Monday, December 26, 2011

Working 9 to 5: Keeping Your Options Open, by John Kirriemuir

Keeping your options open. Having many irons in the fire. Having a quiver full of arrows. Not putting all your eggs in one basket. All of these are cliches, but in the trauma of the economy of the 2010s they highlight the inescapable truth: job security is a rarity, or even an illusion, and it’s best to have several potential (or even better, actual) income sources.

After several years in the early 1990s as a researcher in a library school, I landed the job of information officer at UKOLN. In a hugely lucky break, the first project I was handed was to develop a web magazine called Ariadne for the library sector. Inevitably, this meant dealing with lots of people in the library sector: contributers, academics, librarians, readers, and funders.

And it’s those people who formed my early contact network, that became crucial when I decided to quit working for university library research units in 2001 (the tipping point was being forced to listen to irrelevant all-morning presentations on information granularity), and go full-time self-employed. That network gave me multiple sources of income as a self-employed information professional, which I’ve used for over a decade.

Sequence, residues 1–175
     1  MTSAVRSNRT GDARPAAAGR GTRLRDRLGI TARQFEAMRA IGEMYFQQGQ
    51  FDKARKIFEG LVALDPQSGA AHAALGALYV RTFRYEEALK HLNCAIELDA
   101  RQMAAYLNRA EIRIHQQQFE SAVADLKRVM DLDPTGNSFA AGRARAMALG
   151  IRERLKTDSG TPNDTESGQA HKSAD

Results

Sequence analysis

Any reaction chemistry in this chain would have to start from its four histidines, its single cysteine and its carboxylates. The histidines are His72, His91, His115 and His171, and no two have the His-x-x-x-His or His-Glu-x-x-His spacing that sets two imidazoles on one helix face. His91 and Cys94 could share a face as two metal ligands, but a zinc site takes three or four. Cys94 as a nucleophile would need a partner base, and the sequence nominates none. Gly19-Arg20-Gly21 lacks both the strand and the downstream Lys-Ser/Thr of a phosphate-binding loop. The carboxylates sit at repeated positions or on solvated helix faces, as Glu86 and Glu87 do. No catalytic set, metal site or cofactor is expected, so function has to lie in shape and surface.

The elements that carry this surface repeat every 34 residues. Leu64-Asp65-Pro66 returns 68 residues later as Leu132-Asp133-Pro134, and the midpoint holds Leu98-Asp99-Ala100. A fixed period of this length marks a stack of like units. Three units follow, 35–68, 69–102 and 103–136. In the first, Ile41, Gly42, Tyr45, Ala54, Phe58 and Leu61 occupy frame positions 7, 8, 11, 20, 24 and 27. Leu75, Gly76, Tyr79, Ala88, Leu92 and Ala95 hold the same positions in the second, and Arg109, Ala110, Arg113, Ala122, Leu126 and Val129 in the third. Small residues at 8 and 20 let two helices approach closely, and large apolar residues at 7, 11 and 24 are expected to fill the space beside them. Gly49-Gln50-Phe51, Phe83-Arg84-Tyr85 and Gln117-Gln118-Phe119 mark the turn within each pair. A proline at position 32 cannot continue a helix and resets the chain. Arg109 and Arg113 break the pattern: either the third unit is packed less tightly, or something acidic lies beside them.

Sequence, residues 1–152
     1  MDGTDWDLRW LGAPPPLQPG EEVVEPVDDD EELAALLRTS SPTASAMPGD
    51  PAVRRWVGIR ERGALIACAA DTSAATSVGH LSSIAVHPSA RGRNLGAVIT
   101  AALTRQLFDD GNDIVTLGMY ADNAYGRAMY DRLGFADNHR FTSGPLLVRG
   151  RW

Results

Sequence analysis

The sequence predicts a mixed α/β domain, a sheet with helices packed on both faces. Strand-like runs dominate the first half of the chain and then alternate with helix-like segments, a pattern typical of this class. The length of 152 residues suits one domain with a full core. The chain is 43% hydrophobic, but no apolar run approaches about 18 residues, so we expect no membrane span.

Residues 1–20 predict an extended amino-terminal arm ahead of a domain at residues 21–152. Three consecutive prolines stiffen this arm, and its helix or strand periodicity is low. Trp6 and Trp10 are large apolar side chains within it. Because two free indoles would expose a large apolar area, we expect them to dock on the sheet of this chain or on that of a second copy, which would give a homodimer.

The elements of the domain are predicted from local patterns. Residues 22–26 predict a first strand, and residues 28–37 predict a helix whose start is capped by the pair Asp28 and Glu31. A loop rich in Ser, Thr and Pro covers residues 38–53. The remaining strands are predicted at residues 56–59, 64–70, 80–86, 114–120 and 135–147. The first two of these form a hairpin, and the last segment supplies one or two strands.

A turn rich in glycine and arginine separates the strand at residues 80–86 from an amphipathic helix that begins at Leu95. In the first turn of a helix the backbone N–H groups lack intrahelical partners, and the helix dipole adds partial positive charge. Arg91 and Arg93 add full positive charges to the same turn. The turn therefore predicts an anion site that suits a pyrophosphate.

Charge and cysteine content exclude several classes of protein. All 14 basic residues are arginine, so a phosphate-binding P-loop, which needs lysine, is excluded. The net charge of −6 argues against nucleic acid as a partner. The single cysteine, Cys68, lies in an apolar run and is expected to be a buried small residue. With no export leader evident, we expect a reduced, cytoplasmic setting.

What exactly is a self-employed information professional? Probably whatever you want it to be - “information professional” covers a very, very wide array of consultancy, advisory and research possibilities, in the public and private sectors. For me, the job title gets tailored to something more specific depending on the work I am pursuing or doing. This could be researching the use of digital games in libraries, or looking at unconventional methods of raising funding for public libraries, or justifying on cost/benefit grounds the continued funding of such a resource. But that’s just three of hundreds, if not thousands, of tasks carried out by people who are not salaried library staff.

Tempted by the lifestyle of the self-employed? It’s not glamorous. Yes, I’ve travelled a lot (60 times abroad, including 10 visits to the US of A), and that’s mostly funded out of my own pocket, not that of an employer. You have to be committed to the work; if you don’t work, then you don’t eat. And you have to be committed to making periods of time when you don’t work; otherwise, the madness of no down-time descends.

But the key thing, even if you are happy in your current job and it appears to be secure, is never to rule out working for yourself. Your employment circumstances may change. You, yourself, may change over the years, in what you are happy spending those brief waking hours doing. The library and information sector may change. No, wait ... ebooks, funding, digitisation, the Internet, massive book chains such as Borders - it *is* changing, and rapidly. At the very least, keeping your options open is a sensible and prudent strategy.